cross-country · scarlet hill farm

Cross-Country Schooling at Scarlet Hill Farm

Last Saturday, Hannah and I took the boys to Scarlet Hill for another cross-country school. We got there a bit late – my fault, I had an hour in my head as the travel time and it was closer to an hour and fifteen – but tacked up quickly and were over and warming up by ten minutes after our start time.

We shared our lesson with a woman on a big, powerful, brave Dutch mare that looked like a tricky ride – very eager! Not my kind of ride, I think, but clearly quite athletic. She and I ended up doing many similar patterns and courses.

Tris and I followed up on our work from the last school: land and go, and work on setting a pace between the fences that would help us to build confidence, jump fences out of stride, and maybe not get overtaken at our next event. After some of our galloping practice in the back fields at home, I was feeling more confident about pushing him for more speed.

We started with a few big loops of straightforward soft BN fences, and I urged Tris forward after every landing. He felt great right off the bat – clicking in with me, going when I asked him to. We had one squirrely moment at our second fence of the first course, a fairly straightforward coop. It wasn’t anything to do with him looking – it was just my lack of focus on the center of the jump. Once I locked in, he did too, and jumped it just fine. D. suggested that for the first few fences on course, I actually sit back down and bring him back earlier than I would otherwise – as many as ten strides out instead of five or six – just to make sure I had his attention.

Really, I was thrilled with him the whole day. The only rough spot was when we did some slightly more technical work, slicing some fences and then coming back to do them as an in-and-out. We’re not great at related distances anyway; Tris has a shorter stride, especially when I haven’t really gotten him forward. Our first run through gave us an awkward 3.5 stride with a launched takeoff in what should have been two. We resettled and sliced a few more times, and then were tasked to run it again, then turn left and go up a decently steep hill and jump a BN house fence at the top.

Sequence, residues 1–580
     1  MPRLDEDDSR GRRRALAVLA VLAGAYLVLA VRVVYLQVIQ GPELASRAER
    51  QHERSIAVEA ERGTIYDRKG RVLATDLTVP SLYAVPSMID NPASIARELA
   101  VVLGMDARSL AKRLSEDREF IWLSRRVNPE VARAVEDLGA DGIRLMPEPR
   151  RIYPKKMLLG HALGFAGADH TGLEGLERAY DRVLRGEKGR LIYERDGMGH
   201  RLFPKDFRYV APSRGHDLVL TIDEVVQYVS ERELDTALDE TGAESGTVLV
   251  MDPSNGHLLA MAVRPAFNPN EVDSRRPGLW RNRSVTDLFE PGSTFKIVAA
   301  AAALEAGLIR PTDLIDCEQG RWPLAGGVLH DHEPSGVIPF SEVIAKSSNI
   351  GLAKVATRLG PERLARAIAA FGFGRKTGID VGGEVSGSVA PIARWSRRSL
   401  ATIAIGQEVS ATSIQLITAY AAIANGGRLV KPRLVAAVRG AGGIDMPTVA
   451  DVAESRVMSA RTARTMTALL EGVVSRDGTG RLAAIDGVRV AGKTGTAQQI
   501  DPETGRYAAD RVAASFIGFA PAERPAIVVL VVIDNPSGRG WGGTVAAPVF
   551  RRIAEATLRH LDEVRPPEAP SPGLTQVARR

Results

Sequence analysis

This time, we did it in a nice smooth 3 strides, and I really pushed him up the hill. He dug in for an extra gear and got to the top of the hill chuffing and excited, and once I found the fence, he shot right toward it and jumped it in style. It was probably our best bit of the day.

We had one more big loop run, which had some pieces I wasn’t thrilled with; he was getting tired, I think, and I slacked off on the land-and-run imperative. We finished over a ditch, and he jumped it nicely though I need to work on my form over the ditch.

We stood while Hannah and Tucker jumped some very impressive, very large jumps in style, then cantered through the water a few times, then home! Exactly what we needed: confirmed our previous lessons learned, and built in some confidence going forward.

cross-country · scarlet hill farm · video

Scarlet Hill Photos & Videos

One of the benefits of having M. “squiring” (his word; apparently grooming sounds boring) was that I got to hand him a camera and document the XC school. There are only a few photos after the fall, alas, because he kind of freaked out, but so it goes.

First up, two videos. The first was our first attempt at going forward after a jump, which resulted in the little bucks there. The second was our second try, with me keeping his head up and really sending him forward. I like the second one better, for obvious reasons!


Second, a few photos. I’ll post them in order with my thoughts.

 Warming up, with a little bit of a run.